Sample #2: Annotated Bibliography on Public Opinions about GMOs, especially Meat
Get Help With Your Essay
"Place your order now for a similar assignment and have exceptional work written by our team of experts, guaranteeing you A results."
Sample #2: Annotated Bibliography on Public Opinions about GMOs, especially Meats
Question at Issue: Can labeling of GMO meats improve public acceptance of them?
Questions to Consider
I – How reliable is this source?
II –What main arguments, reasoning, evidence, and examples does this source offer to help answer the research questions you posited in your proposal?
III – What reasoning and evidence does this source offer to build its argument?
IV – What is the central argument of this source?
V – What flaws exist in this article’s argument or what questions remain unanswered?
Holdrege, Craig, Beyond Biotechnology: the Barren Promise of Genetic Engineering. Lexington, Kentucky: The University Press of Kentucky, 2008. Web. 8 March 2016
This scholarly monograph is written by a single author, Craig Holdrege, an ecologist and is a secondary source. The book was edited and published by the University Press of Kentucky as well as Steve Talbott. This source is reliable because it is credited by the Commonwealth, a University Consortium for which it was published. Yet, Holdrege does not have any personal experience as an insider within the biotech industry, which may engender an anti-corporate bias in his approach.
The content of this source is relevant to my line of inquiry regarding the perception of GM foods, even though it doesn’t directly address public perceptions. The portion of the book which is useful to my argument is the section regarding the labeling of GMOs in food products. More specifically, it is relevant to me because it gives insight into the general public’s blind trust of government and regulatory policy, which impacts how GM foods are received.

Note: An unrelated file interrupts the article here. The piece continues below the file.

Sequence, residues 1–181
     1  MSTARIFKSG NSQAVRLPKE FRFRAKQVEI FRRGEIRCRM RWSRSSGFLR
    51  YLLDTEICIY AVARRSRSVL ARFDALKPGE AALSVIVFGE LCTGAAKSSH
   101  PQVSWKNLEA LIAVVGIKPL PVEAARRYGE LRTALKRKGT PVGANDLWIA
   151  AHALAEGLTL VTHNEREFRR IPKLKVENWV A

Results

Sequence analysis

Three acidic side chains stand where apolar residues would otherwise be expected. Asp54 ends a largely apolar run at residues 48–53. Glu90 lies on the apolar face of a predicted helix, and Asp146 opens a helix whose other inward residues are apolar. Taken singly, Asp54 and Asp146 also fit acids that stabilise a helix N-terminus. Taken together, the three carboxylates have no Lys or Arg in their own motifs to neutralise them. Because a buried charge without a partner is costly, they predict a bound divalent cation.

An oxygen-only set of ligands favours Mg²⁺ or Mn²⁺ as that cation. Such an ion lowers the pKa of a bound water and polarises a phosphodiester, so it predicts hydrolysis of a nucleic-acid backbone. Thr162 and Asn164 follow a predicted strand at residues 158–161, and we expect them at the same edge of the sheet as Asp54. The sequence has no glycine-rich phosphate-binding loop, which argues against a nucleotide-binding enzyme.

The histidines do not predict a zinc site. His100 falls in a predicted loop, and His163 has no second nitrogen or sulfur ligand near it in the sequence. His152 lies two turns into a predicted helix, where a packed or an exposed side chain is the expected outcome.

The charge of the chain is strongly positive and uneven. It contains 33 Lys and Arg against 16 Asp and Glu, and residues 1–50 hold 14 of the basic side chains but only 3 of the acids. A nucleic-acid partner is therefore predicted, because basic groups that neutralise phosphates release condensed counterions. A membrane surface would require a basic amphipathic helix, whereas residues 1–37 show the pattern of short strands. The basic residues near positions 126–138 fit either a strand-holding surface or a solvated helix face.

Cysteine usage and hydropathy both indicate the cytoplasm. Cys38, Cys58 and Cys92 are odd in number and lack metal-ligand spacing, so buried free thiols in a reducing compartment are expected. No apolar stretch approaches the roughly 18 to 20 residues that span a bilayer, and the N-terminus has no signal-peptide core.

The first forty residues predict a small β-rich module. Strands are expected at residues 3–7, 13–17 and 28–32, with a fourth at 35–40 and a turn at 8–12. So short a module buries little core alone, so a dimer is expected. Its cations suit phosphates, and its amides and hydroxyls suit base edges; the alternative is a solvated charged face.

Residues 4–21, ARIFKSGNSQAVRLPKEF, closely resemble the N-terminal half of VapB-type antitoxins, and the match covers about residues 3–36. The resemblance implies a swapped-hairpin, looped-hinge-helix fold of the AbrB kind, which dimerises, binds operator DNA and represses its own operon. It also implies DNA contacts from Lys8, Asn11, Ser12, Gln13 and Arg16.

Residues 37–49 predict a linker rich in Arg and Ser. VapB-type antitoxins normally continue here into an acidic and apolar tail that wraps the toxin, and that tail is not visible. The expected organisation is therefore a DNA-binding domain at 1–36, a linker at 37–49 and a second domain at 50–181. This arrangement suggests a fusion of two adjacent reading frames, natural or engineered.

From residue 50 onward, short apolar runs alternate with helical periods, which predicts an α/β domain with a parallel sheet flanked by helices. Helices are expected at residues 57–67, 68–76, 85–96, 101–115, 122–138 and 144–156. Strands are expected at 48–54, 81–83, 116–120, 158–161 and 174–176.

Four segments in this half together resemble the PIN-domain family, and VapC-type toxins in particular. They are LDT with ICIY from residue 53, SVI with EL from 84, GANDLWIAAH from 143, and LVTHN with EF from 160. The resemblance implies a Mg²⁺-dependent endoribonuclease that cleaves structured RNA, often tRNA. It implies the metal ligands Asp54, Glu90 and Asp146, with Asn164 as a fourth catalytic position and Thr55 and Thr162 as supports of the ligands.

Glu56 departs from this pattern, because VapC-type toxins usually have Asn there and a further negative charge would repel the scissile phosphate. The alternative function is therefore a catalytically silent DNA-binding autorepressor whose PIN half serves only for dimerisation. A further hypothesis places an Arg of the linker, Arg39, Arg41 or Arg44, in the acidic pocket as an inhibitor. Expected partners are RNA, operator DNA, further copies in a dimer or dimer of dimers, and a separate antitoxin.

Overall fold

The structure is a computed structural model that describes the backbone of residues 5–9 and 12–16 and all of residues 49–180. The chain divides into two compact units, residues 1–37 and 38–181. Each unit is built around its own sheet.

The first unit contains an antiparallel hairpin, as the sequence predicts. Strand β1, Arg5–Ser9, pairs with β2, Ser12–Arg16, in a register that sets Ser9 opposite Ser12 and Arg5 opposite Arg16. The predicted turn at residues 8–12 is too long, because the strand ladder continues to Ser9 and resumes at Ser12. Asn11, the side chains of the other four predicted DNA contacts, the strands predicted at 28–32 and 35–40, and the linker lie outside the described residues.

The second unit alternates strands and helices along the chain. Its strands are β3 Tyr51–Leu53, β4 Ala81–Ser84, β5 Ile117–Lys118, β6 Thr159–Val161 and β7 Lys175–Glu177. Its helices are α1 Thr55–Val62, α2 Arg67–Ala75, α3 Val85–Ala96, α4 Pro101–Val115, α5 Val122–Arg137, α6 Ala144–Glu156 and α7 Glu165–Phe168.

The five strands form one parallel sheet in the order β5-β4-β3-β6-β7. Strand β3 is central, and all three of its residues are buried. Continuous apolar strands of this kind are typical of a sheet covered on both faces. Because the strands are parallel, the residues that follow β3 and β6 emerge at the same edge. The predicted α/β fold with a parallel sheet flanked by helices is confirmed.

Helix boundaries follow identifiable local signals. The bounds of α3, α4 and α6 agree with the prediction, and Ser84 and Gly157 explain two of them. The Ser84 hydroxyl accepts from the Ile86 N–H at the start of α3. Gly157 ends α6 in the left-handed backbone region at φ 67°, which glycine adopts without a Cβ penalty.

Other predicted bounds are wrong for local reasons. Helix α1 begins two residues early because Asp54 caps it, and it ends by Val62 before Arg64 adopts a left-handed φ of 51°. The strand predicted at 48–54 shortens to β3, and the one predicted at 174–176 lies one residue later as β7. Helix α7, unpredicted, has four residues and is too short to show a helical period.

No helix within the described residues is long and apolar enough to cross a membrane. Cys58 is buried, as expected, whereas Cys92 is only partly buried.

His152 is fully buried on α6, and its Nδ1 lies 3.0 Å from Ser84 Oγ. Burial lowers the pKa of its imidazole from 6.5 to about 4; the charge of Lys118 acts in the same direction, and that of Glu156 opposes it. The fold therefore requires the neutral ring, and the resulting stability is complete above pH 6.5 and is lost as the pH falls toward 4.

The author states that while the lack of labeling on food products is considered deceptive even by the government, the government declared that GMOs do not need to be labeled on food products. Additionally, the article cites that the policies that stand today regarding GMO labeling were created in 1997 and are now outdated. This pointed reasoning and policy evidence conveys that the author is not satisfied with current state of GMO labeling.
The author’s central argument regarding GMO labeling is that the government must be called to action to reform the policy and ultimately require labeling. The author’s argument is made clear by the not so subtle disapproval that seeps through when analyzing the current state of labeling policy.
A flaw of the book is the evident bias which the author possesses: he clearly disapproves of the current lack of GMO labeling requirements. For my research purposes, it is best to draw from objective sources; however, in general the book is still useful to my paper in order to illustrate this side of the debate due to the author’s clear preference in this conflict.